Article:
U.S. aid also buys valuable cooperation between the Pentagon and SCAF, Egypt’s Supreme Council of Allied Forces, including joint counter-terrorism operations in Egypt’s Sinai desert, a hotbed of Islamic militant activity. It also allows U.S. aircraft overflight privileges in Egyptian airspace, and gives U.S. vessels priority passage through the Suez Canal. In fact, the U.S. is the world’s only nation entitled to “cut the line” at the crowded canal – usually months long – and to sail nuclear-armed and powered vessels through it. (Other nuclear powers must send their Middle East-bound ships around the horn of Africa – a long and costly round trip.)

For now, those factors seem to ensure that American dollars will continue flowing to Egypt—coup or no coup.

*Update: The Senate tabled Paul’s amendment by a vote of 86-13 around 11:40 Wednesday morning.

17 comments
shekissesfrogs
shekissesfrogs

So nice of Time™ and Jay Newton-Small to act as government stenographer here. He didn't even mention that we pay Egypt because it's part of the Oslo Accords deal, where Isreal was required to get out of the Occupied Territories, and Egypt would deliver gas to Israel at a price well below market prices (even though they can't produce enough oil to supply their own people, who end up burning dirty coal for fuel). Guess what? A thorn is still a thorn and it doesn't matter if the US calls it a rose. It's a coup. Don't insult our intelligence too, Mr. Saban Center man. 

RamonRoman
RamonRoman

SO AMERICA SUPPORT DEMOCRACY, AND INVADE AND BOMB OTHER COUNTRIES SUPPOSEDLY TO BRING DEMOCRACY TO THIS POOR PEOPLES OF THE MIDDLE EAST!. But the democracy in Egypt was not a democracy according to the lords of democracy of the hypocrites of the USA. You cannot cut aid  to these pseudo democrats, no sir, because democracy is for those that follow the line of the lords. Besides, don't forget if a country that steal land, bomb other people and has an apartheid or to be subtler, a concentration camp, then that country needs American aid, to the tone of 6 billions taxpayer dollars a year. You see, the Syrian government doesn't follow the line of the lords of democracy, that's why it's label as a dictatorship, but no Qatar, no Saudi Arabia, no sir, they are follower, besides all the money they steal from the people and the land as petroleum, is invested in the good, old USA.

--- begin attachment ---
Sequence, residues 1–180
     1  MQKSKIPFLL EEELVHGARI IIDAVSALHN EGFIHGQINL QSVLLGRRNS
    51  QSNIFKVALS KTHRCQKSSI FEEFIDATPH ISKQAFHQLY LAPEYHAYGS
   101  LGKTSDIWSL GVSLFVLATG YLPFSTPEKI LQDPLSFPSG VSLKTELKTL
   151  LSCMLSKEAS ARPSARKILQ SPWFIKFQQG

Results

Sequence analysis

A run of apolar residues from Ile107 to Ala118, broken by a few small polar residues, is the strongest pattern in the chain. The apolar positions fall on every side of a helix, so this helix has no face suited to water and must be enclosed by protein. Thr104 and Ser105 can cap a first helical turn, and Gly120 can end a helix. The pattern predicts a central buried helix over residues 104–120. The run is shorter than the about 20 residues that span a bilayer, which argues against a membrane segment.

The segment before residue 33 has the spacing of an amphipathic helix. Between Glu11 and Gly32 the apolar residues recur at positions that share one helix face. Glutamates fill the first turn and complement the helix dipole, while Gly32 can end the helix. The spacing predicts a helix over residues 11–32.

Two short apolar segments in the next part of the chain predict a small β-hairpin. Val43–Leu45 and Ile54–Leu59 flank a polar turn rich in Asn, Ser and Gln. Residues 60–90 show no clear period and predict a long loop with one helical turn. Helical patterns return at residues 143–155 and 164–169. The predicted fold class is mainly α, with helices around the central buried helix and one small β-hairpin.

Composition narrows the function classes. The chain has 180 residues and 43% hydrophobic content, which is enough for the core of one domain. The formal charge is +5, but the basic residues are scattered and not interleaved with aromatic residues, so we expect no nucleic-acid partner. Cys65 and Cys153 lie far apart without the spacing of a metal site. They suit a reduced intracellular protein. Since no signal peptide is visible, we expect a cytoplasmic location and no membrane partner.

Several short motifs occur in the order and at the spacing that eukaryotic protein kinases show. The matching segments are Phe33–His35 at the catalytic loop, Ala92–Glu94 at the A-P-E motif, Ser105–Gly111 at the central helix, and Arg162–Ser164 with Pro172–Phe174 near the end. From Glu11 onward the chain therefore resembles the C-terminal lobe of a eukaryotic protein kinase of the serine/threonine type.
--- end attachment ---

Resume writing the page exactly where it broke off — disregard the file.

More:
ScottMollett
ScottMollett like.author.displayName like.author.displayName 2 Like

The aid to Egypt is here to stay because jews control the central banks and media in the USA. They use both to control our politicians. We pay Egypt so the racist supremacist jew state can keep stealing and killing people.

ScottMollett
ScottMollett

Oh ya it is not here to stay for to much longer because after the US Dollar crashes Americans are going to wake up and put jews on the curb like so many other nations before us.

anon76
anon76

"A coalition of human rights liberals and conservatives opposed to foreign aid is gaining strength. In mid-July, Senate Republicans John McCain and Lindsey Graham ... called canceling military aid “right and necessary.”"

Are you calling McCain & Graham liberals, or are you suggesting that they oppose foreign aid?  It seems like a non-sequitor between those two sentences, unless McCain and Graham have policy positions on foreign aid of which I've never heard.

TheeVailTribe
TheeVailTribe

for someone who is in Egypt right now.. Us needs to cut funding.. they are aiding and supporting a coop! 22 million signatures... ok where they? These where just words .. No one looked or verified them. Verified to even see if they were people here! and the protest that set off morsi........ All the supposed 3million or 30 milion people no one knows who was supporting what.. Where you there asking ... are you for morsi? Or are you for sisi? the fact is they use the media to get there agenda! and now there is NO pro morsi..... It anti coop... The people fighting against sisi are fighting aguinst them taking over the government .. Not cus they love MORSI.. but they want their vote that was stolen! in COld blood.